I’m exploring through an epic realm of enclosed red sunlight, in vast underground Egyptian chambers. I arrive in the first chamber, and there is a small 3 metre pryamid with a giant eye carved deep into it’s surface, weird unidentifiable vines with large white flowers, turned pink by the red sunlight creep up the walls of the chamber, anchoring themselves to cracks in the runework. Grasses and wildflowers grow out of the stone floor. As I walk to the pyramid I notice that in the distance there is a corridor to another cavern. I amble toward it, obligingly it opens up into a second, larger, duskier chamber with green laser light shining in all directions, again there is a mini pyramid in the centre of this chamber, again with an eye carved meticulously into the middle. Just as I enter the larger second chamber, I am somehow transported to a hillside, now somewhere out in the open. A single dark black tree looms, silhouetted in the red sunset. The dream ends.
I am floating in glassy dark cool water that stretches into darkness, in what seems like a giant cavern. The only light here emanates from a giant towering winged beast of pure white energy a thousand metres wide and two thousand tall. It gently rises and falls in tandem with it’s own breath. Gentle warm wind blows, with wisps of smoke that smell of burning frankincense, and steam whipping outwards in large slow vortexes and curls, as it exhales.
There is diffuse light and scattered crepuscular rays splayed out in random directions, illuminating fissures in the cavernous rocks, light turning to shadow with angular precision. The beast stares at me and I stare at the beast. It has no face, just a general form with wings. I regard it with awe, and it senses me with curiosity. Acid rain falls all around me and causes great gouts of steam to billow and hiss from the hovering creature.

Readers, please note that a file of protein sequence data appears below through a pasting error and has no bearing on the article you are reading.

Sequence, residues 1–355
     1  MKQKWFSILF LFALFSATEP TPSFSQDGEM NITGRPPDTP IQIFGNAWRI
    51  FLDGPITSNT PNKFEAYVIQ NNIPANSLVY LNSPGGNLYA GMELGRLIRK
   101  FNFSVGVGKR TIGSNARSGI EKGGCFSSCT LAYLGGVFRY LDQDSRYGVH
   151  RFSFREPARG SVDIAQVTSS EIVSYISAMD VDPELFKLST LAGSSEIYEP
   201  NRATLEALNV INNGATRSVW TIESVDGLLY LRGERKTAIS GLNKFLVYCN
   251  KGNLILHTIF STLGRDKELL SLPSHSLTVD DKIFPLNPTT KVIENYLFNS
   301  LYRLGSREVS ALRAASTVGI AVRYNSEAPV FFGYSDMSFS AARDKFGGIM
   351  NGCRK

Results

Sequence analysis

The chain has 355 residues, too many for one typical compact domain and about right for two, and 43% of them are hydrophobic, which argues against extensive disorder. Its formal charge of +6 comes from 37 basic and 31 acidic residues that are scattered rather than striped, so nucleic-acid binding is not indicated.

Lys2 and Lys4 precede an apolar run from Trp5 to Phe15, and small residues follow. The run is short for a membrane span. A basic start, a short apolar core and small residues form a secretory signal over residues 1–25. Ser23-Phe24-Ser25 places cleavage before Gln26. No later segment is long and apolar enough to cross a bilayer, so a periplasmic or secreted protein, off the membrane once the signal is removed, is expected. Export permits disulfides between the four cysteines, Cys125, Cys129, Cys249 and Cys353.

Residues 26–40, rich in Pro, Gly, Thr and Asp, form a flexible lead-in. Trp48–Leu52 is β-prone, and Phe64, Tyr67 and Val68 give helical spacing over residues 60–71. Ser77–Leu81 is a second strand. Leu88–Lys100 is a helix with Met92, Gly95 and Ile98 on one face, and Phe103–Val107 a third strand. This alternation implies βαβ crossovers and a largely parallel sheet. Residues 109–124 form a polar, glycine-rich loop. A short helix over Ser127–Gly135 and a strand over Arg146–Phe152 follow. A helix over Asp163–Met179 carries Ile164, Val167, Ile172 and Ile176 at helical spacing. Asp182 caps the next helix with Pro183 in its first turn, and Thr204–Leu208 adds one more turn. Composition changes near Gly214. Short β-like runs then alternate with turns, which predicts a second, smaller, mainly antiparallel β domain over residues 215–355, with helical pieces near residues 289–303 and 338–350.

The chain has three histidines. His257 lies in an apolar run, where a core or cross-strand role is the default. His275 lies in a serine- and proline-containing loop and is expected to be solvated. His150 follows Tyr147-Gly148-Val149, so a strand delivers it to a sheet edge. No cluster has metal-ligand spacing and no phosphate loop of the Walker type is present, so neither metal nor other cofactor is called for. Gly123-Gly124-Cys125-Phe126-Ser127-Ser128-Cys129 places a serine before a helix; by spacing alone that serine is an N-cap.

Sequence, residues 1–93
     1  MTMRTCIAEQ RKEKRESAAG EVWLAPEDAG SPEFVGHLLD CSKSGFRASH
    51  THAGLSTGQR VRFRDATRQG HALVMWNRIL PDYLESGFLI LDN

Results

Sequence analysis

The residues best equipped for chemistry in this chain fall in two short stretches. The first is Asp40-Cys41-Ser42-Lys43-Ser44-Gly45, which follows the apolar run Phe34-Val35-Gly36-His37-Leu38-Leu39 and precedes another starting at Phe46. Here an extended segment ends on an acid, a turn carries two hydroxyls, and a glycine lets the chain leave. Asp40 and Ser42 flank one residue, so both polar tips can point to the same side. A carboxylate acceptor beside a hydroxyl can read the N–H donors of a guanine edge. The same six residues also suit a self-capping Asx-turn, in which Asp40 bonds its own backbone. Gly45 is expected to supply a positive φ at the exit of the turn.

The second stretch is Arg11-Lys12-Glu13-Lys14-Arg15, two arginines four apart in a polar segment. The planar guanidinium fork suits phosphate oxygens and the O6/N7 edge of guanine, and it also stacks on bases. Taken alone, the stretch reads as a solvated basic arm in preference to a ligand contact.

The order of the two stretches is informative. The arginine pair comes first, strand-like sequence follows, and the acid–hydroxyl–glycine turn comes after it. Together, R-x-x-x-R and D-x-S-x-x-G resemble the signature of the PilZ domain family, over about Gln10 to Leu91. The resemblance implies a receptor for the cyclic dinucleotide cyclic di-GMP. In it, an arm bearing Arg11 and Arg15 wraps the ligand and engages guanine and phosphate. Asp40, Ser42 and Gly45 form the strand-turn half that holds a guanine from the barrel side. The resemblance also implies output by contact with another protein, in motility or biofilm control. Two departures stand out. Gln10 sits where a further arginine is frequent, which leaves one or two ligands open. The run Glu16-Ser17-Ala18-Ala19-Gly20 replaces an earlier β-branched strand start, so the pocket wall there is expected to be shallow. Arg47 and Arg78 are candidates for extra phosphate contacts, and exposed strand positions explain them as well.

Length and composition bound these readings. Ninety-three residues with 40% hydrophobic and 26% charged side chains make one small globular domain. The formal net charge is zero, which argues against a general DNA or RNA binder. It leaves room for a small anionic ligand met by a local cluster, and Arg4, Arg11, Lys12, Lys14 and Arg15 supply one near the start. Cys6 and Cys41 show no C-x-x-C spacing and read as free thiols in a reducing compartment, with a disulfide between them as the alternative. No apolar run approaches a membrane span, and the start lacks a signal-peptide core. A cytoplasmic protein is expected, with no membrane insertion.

What is this effigy, and why am I here with it? I fell through the soil to this place one night, its coolness turning to warmth as I slipped further and further into the bowels of the planet. I cannot get out. I seem to be trapped here with it yet I do not panic, I simply feel calm, there is no malice here.
The rain whips and crackles against the double glazing as the new wood-stove sends waves of heat into my soul, rejuvenating me from within. I listen to atmospheric music and imagine giant swells of dark Atlantic winter waves boiling and howling with storm energy. Somewhere out there in the obsidian vastness, thousands of sea creatures are living and dying, out of sight. Sometimes your imagination is your best friend on cold nights like these, when you remember yourself as a child, scared of monsters and seeking solace from maternal family members.
The cool trickles of water you hear on your walking travels.
In spring they indicate a freshness of life.
In the summer they are a psychological respite from the heat of late afternoon sun.
In autumn they just seem miserable.
As for winter, cold water touched by ice a embodies purity and stillness.
As it is autumn, there is a dampness around after a late evening downpour that is only intensified by the sound of water trickling off every surface. It inspires nothing more than a need to get home, warm and dry. If I were more adventurous today I would probably blend some fresh raspberries with some elderflower cordial, maybe warming it in the microwave into some kind of fresh fruit tea, but yet again apathy gets the better of me and I accept the ubiquitous yet intensely refreshing sensation of fresh tap water. Sometimes, even with the best intentions, you just can’t be bothered doing a bloody thing.